Have any Orthodox Churches formally condemned Freemasonry? Yes, they have. The Russian Orthodox Church Outside of Russia (ROCOR) condemned it in 1932. The Church of Greece followed suit the next year, issuing a rather lengthy statement. The Holy Synod of Greece had appointed a commission of four bishops to study Freemasonry, and on October 12, 1933, the commission presented its initial findings. The Holy Synod also heard reports from the Theological Faculty of the University of Athens. After this, the Synod unanimously adopted several conclusions.
- “Freemasonry is not simply a philanthropic union or a philosophical school, but constitutes a mystagogical system which reminds us of the ancient heathen mystery-religions and cults—from which it descends and is their continuation and regeneration.”
- “Such a link between Freemasonry and the ancient idolatrous mysteries is also manifested by all that is enacted and performed at the initiations.”
- “Thus Freemasonry is, as granted, a mystery-religion, quite different, separate, and alien to the Christian faith.”
- “It is true that it may seem at first that Freemasonry can be reconciled with every other religion, because it is not interested directly in the religion to which its initiates belong. This is, however, explained by its syncretistic character and proves that in this point also it is an offspring and a continuation of ancient idolatrous mysteries which accepted for initiation worshippers of all gods. [...] This means that by masonic initiation, a Christian becomes a brother of the Muslim, the Buddhist, or any kind of rationalist, while the Christian not initiated in Freemasonry becomes to him an outsider.”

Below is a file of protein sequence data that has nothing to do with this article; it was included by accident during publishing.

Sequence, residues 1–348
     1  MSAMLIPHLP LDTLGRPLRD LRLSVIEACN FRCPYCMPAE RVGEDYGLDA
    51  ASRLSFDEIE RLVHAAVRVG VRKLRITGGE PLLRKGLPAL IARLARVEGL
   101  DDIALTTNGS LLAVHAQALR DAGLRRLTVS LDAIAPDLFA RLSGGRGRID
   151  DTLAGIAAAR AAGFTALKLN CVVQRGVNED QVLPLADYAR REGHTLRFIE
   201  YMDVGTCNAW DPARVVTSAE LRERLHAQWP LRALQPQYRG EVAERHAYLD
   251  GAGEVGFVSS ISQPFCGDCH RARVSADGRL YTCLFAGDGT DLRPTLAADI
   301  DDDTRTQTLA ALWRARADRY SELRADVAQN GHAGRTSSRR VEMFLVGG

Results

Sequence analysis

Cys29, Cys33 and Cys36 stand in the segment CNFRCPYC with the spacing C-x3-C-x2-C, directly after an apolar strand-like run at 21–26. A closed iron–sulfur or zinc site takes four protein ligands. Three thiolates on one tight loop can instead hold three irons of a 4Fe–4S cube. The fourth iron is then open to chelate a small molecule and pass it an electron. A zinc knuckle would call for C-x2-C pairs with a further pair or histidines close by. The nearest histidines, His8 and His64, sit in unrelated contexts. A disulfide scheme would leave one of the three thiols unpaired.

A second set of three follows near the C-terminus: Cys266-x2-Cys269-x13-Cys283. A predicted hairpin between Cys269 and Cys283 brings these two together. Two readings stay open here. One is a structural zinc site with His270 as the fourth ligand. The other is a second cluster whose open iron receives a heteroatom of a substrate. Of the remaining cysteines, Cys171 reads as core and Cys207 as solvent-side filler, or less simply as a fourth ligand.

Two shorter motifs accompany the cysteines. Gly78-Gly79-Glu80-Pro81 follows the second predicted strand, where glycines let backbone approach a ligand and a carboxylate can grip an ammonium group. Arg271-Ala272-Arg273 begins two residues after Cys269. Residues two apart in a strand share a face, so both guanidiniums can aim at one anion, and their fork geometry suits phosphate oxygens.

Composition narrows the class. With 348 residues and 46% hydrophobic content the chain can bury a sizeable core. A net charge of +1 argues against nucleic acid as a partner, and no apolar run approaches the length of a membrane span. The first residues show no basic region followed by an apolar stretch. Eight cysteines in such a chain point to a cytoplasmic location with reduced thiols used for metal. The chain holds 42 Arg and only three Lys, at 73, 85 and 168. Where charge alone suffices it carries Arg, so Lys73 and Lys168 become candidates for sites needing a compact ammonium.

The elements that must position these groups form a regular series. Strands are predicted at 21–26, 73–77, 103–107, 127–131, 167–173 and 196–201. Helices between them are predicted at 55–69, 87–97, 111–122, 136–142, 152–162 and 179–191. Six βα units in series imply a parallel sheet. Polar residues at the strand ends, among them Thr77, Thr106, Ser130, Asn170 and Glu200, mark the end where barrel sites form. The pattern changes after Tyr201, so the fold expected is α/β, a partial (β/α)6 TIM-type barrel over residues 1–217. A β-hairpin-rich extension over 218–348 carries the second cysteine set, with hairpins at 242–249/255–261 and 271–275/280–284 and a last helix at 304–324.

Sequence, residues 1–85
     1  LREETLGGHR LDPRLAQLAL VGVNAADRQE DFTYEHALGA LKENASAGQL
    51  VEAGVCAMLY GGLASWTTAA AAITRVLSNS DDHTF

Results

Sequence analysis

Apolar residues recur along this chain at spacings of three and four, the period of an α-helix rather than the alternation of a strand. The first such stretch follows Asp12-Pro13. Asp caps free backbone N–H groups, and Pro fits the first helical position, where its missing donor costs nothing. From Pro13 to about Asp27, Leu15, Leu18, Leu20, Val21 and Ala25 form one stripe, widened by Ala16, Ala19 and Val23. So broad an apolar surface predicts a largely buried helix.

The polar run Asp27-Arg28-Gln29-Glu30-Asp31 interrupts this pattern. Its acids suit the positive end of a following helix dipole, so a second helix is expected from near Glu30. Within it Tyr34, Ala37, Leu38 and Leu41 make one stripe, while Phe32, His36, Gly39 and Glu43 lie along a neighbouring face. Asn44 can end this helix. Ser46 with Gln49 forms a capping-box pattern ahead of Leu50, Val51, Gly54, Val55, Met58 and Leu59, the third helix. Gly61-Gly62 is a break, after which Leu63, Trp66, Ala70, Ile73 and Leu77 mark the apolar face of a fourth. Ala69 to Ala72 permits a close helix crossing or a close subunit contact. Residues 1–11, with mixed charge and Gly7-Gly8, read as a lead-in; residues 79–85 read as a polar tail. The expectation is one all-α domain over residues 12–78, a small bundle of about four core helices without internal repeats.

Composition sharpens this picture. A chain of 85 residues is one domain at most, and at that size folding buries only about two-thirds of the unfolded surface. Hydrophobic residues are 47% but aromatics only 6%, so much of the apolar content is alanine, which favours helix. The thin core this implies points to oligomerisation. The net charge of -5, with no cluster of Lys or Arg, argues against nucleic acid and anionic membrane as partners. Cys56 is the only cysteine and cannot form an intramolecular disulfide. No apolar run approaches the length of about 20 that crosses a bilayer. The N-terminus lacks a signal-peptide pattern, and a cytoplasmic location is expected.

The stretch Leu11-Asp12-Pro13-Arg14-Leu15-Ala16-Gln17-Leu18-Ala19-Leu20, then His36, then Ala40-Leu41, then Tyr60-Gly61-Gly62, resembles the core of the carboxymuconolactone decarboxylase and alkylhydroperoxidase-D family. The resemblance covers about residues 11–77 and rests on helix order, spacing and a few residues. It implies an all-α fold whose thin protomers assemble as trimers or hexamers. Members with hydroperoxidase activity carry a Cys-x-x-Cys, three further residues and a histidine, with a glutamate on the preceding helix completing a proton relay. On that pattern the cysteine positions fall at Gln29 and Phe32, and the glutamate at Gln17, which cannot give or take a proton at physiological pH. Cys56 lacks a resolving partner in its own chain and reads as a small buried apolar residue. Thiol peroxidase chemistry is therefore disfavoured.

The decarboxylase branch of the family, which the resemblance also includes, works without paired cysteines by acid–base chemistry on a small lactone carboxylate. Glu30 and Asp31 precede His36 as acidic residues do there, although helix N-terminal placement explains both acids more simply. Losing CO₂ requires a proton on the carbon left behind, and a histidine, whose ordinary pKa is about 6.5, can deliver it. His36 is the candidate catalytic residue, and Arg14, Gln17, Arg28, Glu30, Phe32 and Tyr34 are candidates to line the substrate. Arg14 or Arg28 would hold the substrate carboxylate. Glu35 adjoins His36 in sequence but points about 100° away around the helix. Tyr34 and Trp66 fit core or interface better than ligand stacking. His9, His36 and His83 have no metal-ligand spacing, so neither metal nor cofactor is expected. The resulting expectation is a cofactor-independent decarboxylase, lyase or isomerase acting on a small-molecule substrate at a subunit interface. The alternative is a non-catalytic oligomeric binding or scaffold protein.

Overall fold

- “On the other hand, Freemasonry [...] shows itself in this sense to be in sharp contradiction with the Christian religion.”
- “Thus, the incompatible contradiction between Christianity and Freemasonry is quite clear. [...] [T]he Orthodox Catholic Church, maintaining in its integrity the treasure of Christian faith [has] proclaimed against it every time that the question of Freemasonry has been raised. Recently, the Inter-Orthodox Commission which met on Mount Athos and in which the representatives of all the Autocephalous Orthodox Churches took part, has characterized Freemasonry as a ‘false and anti-Christian system.’”
I’ve truncated all of those conclusions; click on the above link to read the full statement. The Holy Synod of Greece concluded: